Appeal from a judgment and order (one paper) of the Supreme Court, Monroe County (John J. Ark, J.), entered December 28, 2010. The judgment and order, insofar as appealed from, denied that part of the motion of defendants Henry Wengender and Lynn Wengender seeking summary judgment dismissing the first amended complaint against Lynn Wengender and granted that part of the cross motion of plaintiff seeking to dismiss Lynn Wengender's fifth affirmative defense.
Appellate Division, Fourth Department
Published by New York State Law Reporting Bureau pursuant to Judiciary Law § 431.
This opinion is uncorrected and subject to revision before publication in the Official Reports.
PRESENT: SMITH, J.P., PERADOTTO, CARNI, SCONIERS, AND MARTOCHE, JJ.
It is hereby ORDERED that the appeal by defendant Henry Wengender is dismissed and the judgment and order is otherwise affirmed without costs.
Henry Wengender and Lynn Wengender (collectively, defendants) appeal, as limited by their brief, from a judgment and order denying that part of their motion seeking summary judgment dismissing the first amended complaint against Lynn Wengender (defendant) as time-barred and granting that part of plaintiff's cross motion to dismiss the fifth affirmative defense as asserted by defendant, based on the statute of limitations. We note at the outset that the appeal by defendant Henry Wengender must be dismissed inasmuch as Supreme Court granted that part of defendants' motion seeking to dismiss the first amended complaint against him, and thus he is not "[a]n aggrieved party" (CPLR 5511).
We conclude that the court properly determined that the first amended complaint against defendant was not time-barred based upon the relation back doctrine. Pursuant to that doctrine, the claims asserted against a newly added defendant in an amended pleading may relate back to claims previously asserted against another defendant for statute of limitations purposes where those defendants are united in interest (see Buran v Coupal, 87 NY2d 173, 177-178). In order for the relation back doctrine to apply, a plaintiff must establish that "(1) both claims arose out of [the] same conduct, transaction or occurrence, (2) the new party is united in interest with the original defendant, and by reason of that relationship can be charged with such notice of the institution of the action that he [or she] will not be prejudiced in maintaining his [or her] defense on the merits and (3) the new party knew or should have known that, but for an excusable mistake by plaintiff as to the identity of the proper parties, the action would have been brought against him [or her] as well" (id. at 178 [internal quotation marks omitted]; see Brock v Bua, 83 AD2d 61, 69).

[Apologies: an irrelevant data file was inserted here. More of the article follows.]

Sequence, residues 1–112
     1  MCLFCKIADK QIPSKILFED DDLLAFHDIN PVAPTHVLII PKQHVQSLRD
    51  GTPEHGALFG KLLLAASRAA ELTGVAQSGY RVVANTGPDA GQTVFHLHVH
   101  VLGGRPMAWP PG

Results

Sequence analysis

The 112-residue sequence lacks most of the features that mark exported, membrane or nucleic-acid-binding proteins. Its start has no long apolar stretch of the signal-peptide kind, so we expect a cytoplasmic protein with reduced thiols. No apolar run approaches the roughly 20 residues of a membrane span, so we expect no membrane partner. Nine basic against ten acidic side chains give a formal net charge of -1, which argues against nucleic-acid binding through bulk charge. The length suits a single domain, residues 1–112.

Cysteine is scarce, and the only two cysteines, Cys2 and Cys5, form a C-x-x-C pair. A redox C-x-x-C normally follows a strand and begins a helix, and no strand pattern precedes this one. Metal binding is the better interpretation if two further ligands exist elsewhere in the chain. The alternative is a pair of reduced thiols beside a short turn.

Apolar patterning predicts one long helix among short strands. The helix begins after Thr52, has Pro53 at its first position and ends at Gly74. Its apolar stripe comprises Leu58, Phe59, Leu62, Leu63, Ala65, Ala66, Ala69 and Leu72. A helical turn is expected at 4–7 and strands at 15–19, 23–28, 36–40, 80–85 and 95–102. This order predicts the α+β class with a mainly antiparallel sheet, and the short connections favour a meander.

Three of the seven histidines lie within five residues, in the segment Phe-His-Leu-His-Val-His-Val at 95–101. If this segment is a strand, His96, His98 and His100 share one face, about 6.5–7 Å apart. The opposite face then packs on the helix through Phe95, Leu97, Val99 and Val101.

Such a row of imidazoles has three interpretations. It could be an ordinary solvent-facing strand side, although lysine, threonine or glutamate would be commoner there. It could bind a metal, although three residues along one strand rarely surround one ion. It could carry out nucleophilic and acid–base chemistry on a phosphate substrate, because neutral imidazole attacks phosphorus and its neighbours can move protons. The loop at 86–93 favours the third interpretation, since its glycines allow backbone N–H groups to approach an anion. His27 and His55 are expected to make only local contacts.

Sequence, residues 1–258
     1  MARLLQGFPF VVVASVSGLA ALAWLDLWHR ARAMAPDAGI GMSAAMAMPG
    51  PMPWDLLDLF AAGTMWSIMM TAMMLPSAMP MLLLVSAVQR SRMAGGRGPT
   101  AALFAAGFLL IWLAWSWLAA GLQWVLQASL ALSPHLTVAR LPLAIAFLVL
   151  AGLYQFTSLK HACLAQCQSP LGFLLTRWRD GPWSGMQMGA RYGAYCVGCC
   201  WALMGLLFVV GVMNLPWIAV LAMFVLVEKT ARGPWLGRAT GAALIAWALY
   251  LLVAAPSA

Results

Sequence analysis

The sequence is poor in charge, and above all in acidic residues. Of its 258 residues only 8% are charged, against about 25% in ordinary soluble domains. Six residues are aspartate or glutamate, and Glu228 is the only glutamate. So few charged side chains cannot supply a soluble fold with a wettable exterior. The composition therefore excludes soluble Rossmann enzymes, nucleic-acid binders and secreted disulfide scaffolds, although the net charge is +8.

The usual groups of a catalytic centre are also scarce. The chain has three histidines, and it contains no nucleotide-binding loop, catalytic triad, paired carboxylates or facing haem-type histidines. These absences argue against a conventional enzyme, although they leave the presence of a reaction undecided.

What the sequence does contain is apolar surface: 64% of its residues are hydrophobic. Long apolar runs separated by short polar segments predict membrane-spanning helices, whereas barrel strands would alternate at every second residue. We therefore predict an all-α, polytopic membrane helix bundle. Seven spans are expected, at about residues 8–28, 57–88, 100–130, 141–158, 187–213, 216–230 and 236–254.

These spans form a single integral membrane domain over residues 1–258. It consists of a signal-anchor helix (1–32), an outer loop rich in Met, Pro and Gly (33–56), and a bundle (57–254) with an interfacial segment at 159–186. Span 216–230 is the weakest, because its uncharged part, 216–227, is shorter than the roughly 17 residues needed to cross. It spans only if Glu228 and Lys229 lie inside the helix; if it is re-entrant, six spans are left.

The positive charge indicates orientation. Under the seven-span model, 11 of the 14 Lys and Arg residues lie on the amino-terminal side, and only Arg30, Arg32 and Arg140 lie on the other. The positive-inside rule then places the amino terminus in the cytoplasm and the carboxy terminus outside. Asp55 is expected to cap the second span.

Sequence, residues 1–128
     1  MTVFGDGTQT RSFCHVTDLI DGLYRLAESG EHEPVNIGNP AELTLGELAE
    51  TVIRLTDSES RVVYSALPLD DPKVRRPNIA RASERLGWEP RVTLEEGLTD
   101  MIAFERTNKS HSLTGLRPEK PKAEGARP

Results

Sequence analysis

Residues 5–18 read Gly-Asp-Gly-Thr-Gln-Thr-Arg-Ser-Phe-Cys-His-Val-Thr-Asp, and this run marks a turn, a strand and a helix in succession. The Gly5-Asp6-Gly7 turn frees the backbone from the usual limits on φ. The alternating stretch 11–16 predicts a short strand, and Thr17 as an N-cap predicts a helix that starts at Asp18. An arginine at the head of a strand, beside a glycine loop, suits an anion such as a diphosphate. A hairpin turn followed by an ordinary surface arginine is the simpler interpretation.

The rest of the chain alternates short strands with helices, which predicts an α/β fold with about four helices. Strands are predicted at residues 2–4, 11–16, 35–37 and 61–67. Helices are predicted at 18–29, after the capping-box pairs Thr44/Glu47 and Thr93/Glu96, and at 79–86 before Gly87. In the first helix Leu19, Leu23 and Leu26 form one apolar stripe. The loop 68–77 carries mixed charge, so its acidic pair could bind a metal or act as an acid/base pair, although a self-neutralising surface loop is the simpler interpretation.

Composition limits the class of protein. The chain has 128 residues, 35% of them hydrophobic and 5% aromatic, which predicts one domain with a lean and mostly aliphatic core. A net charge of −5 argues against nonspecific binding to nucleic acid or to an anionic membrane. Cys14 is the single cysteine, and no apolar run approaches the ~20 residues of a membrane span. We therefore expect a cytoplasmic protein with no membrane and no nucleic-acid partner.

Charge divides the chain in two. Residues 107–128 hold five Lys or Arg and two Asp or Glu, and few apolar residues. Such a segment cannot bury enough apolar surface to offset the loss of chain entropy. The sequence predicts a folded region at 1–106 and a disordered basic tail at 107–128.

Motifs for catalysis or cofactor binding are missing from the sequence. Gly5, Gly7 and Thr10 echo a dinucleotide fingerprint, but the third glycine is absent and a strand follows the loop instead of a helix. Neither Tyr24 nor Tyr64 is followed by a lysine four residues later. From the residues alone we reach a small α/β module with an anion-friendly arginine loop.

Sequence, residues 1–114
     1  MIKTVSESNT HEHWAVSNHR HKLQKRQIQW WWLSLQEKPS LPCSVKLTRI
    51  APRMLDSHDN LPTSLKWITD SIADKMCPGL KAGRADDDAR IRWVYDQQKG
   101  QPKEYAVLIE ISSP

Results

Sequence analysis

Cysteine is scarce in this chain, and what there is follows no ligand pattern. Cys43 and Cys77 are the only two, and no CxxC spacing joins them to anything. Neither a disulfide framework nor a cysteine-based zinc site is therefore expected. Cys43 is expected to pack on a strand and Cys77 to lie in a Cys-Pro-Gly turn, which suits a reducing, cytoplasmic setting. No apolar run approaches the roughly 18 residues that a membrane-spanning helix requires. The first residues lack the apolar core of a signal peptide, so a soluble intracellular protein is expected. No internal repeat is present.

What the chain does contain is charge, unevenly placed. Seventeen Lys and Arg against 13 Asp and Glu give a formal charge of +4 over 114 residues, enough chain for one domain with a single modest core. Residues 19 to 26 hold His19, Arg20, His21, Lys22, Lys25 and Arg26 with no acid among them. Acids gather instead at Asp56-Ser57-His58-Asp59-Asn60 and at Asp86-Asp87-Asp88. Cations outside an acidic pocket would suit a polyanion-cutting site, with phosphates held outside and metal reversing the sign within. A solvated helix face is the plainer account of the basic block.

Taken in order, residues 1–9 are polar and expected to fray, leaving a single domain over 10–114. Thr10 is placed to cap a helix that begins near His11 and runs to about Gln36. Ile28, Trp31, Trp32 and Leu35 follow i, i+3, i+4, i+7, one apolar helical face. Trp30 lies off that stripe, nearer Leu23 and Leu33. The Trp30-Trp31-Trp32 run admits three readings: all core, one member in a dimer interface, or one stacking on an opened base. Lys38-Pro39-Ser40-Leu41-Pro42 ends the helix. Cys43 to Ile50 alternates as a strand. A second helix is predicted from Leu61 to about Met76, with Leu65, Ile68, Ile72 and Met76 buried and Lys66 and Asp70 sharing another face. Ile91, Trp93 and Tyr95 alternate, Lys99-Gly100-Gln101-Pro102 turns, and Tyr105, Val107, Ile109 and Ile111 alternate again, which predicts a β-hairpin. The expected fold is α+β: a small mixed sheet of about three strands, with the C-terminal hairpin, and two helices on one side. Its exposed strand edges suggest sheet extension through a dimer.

As defendant correctly concedes, plaintiff satisfied the first two prongs of the relation back test. We reject defendant's contention, however, that plaintiff failed to satisfy the third prong of the relation back test, i.e., that defendant "knew or should have known that[,] but for a mistake by the plaintiff as to the identity of the proper parties, the action would have been brought against [her] as well" (Morel v Schenker, 64 AD3d 403, 403; see Goldstein v Brookwood Bldg. Corp., 74 AD3d 1801). "[P]laintiff established that [her] failure to include [defendant in the original complaint] . . . was a mistake and not . . . the result of a strategy to obtain a tactical advantage" (Brown v Aurora Sys., 283 AD2d 956, 957; see Goldstein, 74 AD3d 1801; see generally Buran, 87 NY2d at 178). In support of her cross motion and in opposition to defendants' motion, plaintiff submitted evidence demonstrating that she did not have sufficient knowledge of defendant's role in prescribing the antibiotic when the alleged medical malpractice occurred or when the action was timely commenced against defendant Joseph F. Kurnath, M.D., approximately 2½ years later. Rather, the testimony of plaintiff at her first deposition, more than two years after the action was commenced against Dr. Kurnath, establishes that her "knowledge" of defendant's role was largely the result of leading questions by Dr. Kurnath's attorney.